Emil Kapaun, Army Chaplain Considered for Sainthood, Is Buried in Wichita

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remains of Father Emil during Kapaun's funeral Mass
A Fort Riley honor guard carries the remains of Father Emil to an altar during Kapaun's funeral Mass on Wednesday, Sept. 29, 2021, in Wichita, Kan. Kapaun died in a North Korean POW camp in May of 1951. He was posthumously awarded the Medal of Honor in 2013 for his bravery in the Korean War. (Travis Heying/The Wichita Eagle via AP)

WICHITA, Kan. — Thousands of people turned out Wednesday in Wichita to honor a Kansas priest as he was laid to rest 70 years after he died in a prisoner of war camp during the Korean War.

Mourners filled Hartman Arena for a funeral service for the Rev. Emil Kapaun and later lined streets to watch his body being carried by a horse-drawn caisson from Veterans Memorial Park to the Cathedral of the Immaculate Conception, where he was interred.

“We are here today to provide for father what was not provided for him 70 years ago, a mass of Christian burial,” Bishop Carl A. Kemme of the Wichita diocese told the crowd.

Speakers extolled Kapaun's Christian love and his courage during his days as a prisoner or war, which he spent providing comfort to his fellow soldiers. They also said it was appropriate that his body had finally returned to the state where he was born.

"Uncle Emil, welcome home. Home at last," said Kapaun's nephew, Ray Kapaun during the service.

He praised his uncle's fellow POWs who survived the war and the people of Pilsen, where Kapaun was born, who he said helped keep the priest's story alive in the decades since his death.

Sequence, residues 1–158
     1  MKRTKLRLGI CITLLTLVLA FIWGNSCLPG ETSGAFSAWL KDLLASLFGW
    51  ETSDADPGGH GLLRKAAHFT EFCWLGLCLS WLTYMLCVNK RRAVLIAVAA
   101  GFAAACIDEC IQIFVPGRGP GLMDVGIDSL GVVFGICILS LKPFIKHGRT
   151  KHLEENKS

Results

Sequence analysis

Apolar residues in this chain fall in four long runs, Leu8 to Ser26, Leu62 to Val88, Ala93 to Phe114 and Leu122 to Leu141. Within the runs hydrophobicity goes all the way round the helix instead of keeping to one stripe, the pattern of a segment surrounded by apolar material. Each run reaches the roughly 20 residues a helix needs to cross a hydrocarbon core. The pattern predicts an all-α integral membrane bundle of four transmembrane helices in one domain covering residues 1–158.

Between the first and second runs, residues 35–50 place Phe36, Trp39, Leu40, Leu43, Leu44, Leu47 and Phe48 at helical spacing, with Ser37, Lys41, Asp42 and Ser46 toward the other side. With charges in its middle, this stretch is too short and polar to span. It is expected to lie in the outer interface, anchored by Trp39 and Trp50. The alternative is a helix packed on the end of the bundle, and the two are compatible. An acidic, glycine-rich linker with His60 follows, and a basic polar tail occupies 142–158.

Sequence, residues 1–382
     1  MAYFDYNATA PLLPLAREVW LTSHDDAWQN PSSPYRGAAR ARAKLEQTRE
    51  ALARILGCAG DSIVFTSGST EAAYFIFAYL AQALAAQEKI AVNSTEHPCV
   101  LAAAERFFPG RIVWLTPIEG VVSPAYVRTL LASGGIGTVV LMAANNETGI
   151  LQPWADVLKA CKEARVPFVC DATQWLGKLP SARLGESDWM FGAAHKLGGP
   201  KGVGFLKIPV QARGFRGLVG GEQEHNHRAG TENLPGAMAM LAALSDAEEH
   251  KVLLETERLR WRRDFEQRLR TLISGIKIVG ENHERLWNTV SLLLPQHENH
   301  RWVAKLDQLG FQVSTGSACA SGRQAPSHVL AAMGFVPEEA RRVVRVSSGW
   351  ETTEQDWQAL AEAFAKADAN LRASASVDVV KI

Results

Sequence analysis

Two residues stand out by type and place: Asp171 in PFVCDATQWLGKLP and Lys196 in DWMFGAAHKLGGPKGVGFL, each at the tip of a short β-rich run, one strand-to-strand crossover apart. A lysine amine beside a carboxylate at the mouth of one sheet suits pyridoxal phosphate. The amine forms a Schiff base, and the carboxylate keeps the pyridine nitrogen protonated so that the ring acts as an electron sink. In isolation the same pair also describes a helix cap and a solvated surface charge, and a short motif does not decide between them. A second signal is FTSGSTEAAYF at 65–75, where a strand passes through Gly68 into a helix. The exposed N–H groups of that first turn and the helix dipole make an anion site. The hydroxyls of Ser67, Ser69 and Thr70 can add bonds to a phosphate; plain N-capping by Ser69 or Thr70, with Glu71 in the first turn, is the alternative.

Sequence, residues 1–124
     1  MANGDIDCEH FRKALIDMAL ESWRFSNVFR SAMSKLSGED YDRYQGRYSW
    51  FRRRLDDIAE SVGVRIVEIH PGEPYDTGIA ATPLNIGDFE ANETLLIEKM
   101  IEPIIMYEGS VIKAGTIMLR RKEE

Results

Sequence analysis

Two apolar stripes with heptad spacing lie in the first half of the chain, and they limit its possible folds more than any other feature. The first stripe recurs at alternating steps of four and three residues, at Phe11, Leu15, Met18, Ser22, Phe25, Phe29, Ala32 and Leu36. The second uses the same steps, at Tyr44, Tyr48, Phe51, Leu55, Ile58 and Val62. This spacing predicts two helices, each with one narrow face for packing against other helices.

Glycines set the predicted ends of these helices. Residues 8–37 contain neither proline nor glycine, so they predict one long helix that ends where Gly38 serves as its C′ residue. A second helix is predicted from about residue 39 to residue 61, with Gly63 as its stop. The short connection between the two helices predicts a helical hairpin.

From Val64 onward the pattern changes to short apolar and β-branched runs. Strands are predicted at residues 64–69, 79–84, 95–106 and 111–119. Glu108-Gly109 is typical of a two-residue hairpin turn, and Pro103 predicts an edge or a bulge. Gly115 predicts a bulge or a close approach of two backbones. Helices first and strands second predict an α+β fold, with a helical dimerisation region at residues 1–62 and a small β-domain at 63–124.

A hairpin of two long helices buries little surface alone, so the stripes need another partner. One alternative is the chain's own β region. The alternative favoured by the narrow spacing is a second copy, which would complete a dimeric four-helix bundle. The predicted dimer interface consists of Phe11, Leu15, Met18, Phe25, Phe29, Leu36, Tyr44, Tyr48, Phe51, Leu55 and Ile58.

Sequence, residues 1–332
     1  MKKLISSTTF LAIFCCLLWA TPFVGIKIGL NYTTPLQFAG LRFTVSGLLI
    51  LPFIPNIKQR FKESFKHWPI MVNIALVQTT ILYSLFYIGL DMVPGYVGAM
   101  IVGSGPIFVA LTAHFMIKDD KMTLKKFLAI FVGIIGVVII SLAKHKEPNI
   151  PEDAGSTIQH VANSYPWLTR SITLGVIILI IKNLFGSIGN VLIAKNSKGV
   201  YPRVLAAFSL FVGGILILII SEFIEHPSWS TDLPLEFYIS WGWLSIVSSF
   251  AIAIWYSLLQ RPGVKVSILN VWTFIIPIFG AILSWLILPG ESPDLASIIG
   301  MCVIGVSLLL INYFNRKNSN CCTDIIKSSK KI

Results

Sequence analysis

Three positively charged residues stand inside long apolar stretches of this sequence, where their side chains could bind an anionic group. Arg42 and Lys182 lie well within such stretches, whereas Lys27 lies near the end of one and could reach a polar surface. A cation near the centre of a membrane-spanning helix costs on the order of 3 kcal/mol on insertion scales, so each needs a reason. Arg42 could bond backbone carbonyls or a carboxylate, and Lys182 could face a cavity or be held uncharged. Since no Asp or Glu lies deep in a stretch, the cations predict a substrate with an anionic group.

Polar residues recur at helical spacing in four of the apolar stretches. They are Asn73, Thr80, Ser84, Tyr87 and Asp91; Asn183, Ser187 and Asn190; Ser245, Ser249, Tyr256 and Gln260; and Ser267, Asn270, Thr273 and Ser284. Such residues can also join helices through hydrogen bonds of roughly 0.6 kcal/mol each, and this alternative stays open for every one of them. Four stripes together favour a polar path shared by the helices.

Kapaun, an Army chaplain, was captured in 1950 near Unsan, North Korea, while tending to fellow soldiers. He died in May 1951 at the POW camp while continuing to minister to fellow prisoners. He was awarded the Medal of Honor in 2013.

In 1993, the Catholic church named him a “Servant of God,” the first step of a lengthy process that could lead to canonization.

During the funeral, the Rev. Matthew Pawlikowski read a statement from Col. Mike Dowe detailing how Kapaun volunteered to stay behind to care for the wounded before he was captured. He said at the prisoner of war camp, Kapaun stole food, volunteered to bury the dead so he could provide clothes to survivors and continually encouraged them to hold onto their faith.

Dowe said Kapaun was intentionally left to die in a structure known as “the death house” by the Chinese Communists who ran the camp “not because of politics, not because he was a soldier but because he was a shining light in the darkness living out his faith as a Christian. They martryed him.”

Kapaun's remains were positively identified in March and returned to his family last week during a ceremony in Hawaii. The body was flown back to Kansas, where more crowds gathered Saturday for a memorial service in Pilsen before his remains were returned to Wichita.

Kansas Gov. Laura Kelly proclaimed Wednesday Father Emil Kapaun Day in the state. She said in a statement that “He served with honor and dignity, I hope his return home brings relief and closure to his family and his community.”

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